In January 1990, a cell tower goes up 800 feet from Alison Rall’s dairy farm in Mansfield, Ohio. By fall, the cattle herd that pastures near the tower is sick, and Rall’s three young children begin suffering bizarre skin rashes, raised red “hot spots.” The kids are hit with waves of hyperactivity. The girls lose hair. Rall, when she becomes pregnant with a fourth child, can’t gain weight.
Desperate to understand what is happening to her family and her farm, she contacts an Environmental Protection Agency scientist named Carl Blackman. He’s an expert on the biological effects of radiation from electromagnetic fields (EMFs)—the kind of radiofrequency EMFs (RF-EMFs) by which all wireless technology operates, including not just cell towers and cell phones but also wi-fi hubs and wi-fi-capable computers, “smart” utility meters, and even cordless home phones. “With my government cap on, I’m supposed to tell you you’re perfectly safe,” Blackman tells her. “With my civilian cap on, I have to tell you to consider leaving.”
When Rall contacts the cell phone company that operates the tower, she is told there is “no possibility whatsoever” that the tower is the source of her ills. But within weeks of abandoning the farm, the children recovered their health, and so did the herd.
We all live in range of cell towers now, and we are all wireless operators. As of October 2010 there were 5.2 billion cell phones operating on the planet. “Penetration,” in the marketing-speak of the companies, often tops 100 percent in many countries, meaning there is more than one connection per person.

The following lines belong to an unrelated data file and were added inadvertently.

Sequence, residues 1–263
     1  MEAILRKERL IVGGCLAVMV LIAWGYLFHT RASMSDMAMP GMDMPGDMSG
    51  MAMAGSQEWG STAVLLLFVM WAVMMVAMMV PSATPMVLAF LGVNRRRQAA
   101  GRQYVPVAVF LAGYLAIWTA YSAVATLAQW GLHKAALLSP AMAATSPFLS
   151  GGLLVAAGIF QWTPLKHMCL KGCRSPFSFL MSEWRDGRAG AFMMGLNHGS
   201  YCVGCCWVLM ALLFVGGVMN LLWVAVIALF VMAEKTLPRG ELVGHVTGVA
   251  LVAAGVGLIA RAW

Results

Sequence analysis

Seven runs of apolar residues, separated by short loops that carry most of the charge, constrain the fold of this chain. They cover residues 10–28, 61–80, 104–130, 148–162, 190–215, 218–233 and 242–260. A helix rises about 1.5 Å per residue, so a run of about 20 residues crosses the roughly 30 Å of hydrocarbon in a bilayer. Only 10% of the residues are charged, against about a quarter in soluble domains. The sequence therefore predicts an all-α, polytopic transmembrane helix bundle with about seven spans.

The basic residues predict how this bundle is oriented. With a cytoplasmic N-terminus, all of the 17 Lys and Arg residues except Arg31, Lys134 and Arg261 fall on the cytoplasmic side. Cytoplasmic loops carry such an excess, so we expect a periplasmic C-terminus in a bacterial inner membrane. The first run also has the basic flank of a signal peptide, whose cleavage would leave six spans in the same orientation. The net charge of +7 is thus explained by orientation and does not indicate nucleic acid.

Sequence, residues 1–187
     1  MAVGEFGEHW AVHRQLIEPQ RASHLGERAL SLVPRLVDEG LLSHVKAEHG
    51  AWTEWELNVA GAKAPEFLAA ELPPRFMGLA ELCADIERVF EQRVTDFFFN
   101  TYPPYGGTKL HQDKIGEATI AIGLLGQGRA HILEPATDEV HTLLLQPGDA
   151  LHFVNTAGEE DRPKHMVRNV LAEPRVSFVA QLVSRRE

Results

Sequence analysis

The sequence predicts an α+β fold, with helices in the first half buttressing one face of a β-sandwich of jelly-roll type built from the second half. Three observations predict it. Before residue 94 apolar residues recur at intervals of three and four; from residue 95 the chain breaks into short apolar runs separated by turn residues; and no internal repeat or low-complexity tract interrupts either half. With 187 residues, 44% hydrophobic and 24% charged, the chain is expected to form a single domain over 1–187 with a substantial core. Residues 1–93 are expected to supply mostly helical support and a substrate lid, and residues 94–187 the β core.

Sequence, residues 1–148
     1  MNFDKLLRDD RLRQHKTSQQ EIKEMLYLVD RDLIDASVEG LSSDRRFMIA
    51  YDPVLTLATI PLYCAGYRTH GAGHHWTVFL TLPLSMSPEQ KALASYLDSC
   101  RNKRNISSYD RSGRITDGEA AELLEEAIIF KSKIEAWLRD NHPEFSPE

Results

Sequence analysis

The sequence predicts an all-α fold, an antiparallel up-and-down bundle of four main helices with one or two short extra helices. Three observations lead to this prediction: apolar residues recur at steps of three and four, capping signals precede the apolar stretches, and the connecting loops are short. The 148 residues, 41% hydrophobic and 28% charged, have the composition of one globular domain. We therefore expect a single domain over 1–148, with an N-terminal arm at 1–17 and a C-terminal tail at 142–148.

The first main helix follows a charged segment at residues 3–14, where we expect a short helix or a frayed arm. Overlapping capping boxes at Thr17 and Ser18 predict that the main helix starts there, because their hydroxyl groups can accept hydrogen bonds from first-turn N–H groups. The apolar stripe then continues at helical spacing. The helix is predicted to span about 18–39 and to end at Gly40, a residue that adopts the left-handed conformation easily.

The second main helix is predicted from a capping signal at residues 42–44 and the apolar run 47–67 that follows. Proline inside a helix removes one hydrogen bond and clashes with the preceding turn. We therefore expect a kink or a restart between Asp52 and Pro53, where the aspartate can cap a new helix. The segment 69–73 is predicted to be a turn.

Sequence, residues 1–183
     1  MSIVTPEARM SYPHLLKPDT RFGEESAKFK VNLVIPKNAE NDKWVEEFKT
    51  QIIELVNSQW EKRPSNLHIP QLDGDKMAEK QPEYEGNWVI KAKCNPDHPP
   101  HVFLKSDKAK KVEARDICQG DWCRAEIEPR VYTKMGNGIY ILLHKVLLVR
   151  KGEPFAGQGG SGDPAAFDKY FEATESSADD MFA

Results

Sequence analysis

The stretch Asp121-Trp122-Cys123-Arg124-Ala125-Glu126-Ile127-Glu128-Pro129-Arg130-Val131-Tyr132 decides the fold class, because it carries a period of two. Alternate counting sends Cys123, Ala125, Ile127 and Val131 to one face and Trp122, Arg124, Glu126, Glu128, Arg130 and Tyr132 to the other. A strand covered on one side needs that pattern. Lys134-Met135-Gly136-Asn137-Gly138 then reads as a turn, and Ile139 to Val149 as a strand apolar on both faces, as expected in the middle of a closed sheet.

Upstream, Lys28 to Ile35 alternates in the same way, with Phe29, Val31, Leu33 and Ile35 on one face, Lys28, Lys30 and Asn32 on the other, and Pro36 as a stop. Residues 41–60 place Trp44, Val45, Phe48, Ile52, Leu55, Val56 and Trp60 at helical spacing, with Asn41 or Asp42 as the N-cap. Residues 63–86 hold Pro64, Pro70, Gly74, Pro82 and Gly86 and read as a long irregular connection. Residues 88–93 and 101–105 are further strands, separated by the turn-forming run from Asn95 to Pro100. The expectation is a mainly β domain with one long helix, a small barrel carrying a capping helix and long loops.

I don’t have an Internet connection at my home in Brooklyn, and, like a dinosaur, I still keep a landline. Yet even though I have, in a fashion, opted out, I’m bathed in the radiation from cell phone panels on the parking garage next door. The waves are everywhere. We now live in a wireless-saturated normality that has never existed in the history of the human race, and the effects of EMFs on human beings are largely untested.
In May 2011, the International Agency for Research on Cancer (IARC) issued a statement that the electromagnetic frequencies from cell phones would henceforth be classified as “possibly carcinogenic to humans.” The IARC decision followed multiple warnings, mostly from European regulators, about the possible health risks of RF-EMFs. In September 2007, the EU’s European Environment Agency suggested that widespread radiofrequency radiation “could lead to a health crisis similar to those caused by asbestos, smoking, and lead in petrol.” Double-strand breaks in DNA—one of the undisputed causes of cancer—have been reported in tests with animal cells. Neuroscientists at Swinburne University of Technology in Australia discovered a “power boost” in brain waves when humans were exposed to cell phone radiofrequencies. The brain, one of the lead researchers speculated, was “concentrating to overcome the electrical interference.”